You may have seen the words Gluten Free on food labels but probably have not given it a second thought. You may have also seen it listed as G/F on some packaging. Gluten comes from wheat, barley and rye and is a protein component that gives flour processed into dough elasticity. It is also known to be used in various foods as a thickening agent, flavoring or a stabilizer.
The reason some foods are now prepared as Gluten Free is because enough people have developed a sensitivity to the compound. This has made way for a gluten free diet to be recommended by some Doctors to their patients. In fact, celiac disease is a known result of gluten protein found in wheat. The protein is modified in the small intestine where an inflammatory reaction can occur.
Some Doctors even think that gluten takes part in autism. Children diagnosed with autism are typically placed on a gluten free diet. However, the various study results of such a diet have been inconclusive. Members of the medical profession believe that the study groups have been too small to show a real indication of whether or not this sort of diet actually helped kids at all.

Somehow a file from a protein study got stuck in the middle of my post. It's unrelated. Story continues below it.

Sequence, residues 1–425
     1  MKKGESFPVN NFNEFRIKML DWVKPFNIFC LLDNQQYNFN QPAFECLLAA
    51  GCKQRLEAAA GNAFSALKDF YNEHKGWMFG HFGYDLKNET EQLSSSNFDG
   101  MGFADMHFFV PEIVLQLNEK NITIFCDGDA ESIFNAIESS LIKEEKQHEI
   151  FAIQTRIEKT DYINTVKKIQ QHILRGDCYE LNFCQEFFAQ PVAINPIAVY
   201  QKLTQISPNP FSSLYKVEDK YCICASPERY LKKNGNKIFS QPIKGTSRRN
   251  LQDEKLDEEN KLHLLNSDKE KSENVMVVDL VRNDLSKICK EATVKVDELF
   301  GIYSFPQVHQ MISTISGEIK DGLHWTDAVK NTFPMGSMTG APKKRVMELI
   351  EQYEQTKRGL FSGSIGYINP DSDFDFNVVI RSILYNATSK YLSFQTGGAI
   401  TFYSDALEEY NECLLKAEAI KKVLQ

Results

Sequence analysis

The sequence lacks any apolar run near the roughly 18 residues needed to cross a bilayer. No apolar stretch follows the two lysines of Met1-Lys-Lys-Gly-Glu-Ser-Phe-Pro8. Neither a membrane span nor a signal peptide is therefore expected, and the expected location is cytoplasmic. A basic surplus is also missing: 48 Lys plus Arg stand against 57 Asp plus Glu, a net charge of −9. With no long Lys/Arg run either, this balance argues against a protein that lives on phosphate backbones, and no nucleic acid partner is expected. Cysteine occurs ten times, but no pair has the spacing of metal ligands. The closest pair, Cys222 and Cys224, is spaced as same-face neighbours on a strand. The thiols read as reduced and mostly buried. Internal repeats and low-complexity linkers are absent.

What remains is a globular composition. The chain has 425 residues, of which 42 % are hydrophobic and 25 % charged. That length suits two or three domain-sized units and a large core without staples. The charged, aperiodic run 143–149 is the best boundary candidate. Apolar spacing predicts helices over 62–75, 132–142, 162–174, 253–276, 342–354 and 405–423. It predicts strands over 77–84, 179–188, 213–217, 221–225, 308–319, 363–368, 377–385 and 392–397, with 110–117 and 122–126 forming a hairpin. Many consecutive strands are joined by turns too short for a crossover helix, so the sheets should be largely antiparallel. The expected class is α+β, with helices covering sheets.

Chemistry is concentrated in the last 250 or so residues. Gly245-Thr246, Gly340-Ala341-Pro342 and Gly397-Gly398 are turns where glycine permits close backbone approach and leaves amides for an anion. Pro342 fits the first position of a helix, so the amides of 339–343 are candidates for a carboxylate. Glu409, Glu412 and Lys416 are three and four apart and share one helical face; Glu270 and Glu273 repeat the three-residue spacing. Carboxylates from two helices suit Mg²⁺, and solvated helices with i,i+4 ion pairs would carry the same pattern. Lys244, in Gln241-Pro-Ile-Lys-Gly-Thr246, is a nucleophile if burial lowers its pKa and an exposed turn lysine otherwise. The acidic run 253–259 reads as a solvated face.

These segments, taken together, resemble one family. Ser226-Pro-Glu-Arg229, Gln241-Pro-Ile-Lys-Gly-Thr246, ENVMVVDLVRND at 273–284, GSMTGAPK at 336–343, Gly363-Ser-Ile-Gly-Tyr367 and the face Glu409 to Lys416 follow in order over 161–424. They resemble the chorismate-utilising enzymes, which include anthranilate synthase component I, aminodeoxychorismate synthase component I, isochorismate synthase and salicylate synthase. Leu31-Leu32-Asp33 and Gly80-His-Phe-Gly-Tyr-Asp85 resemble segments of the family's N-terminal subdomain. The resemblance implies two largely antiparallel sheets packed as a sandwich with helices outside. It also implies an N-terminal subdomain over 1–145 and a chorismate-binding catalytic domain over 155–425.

Most people think that if they are to move towards a gluten free diet, that they will ultimately risk giving up dietary fiber. This is not true. Alternate sources of fiber can also be found in buckwheat, soybeans and nut flour. Oats, typically being classified as gluten free, may not always be. Usually the way oats are processed with other grains can lead to some contamination.
As with any diet, one that is gluten free must also be part of an over-all diet plan that is safe and healthy. It is recommended that you consult your Doctor in regards to any dietary change you decide to make. He or she will ultimately be able to assist you with choosing the correct components.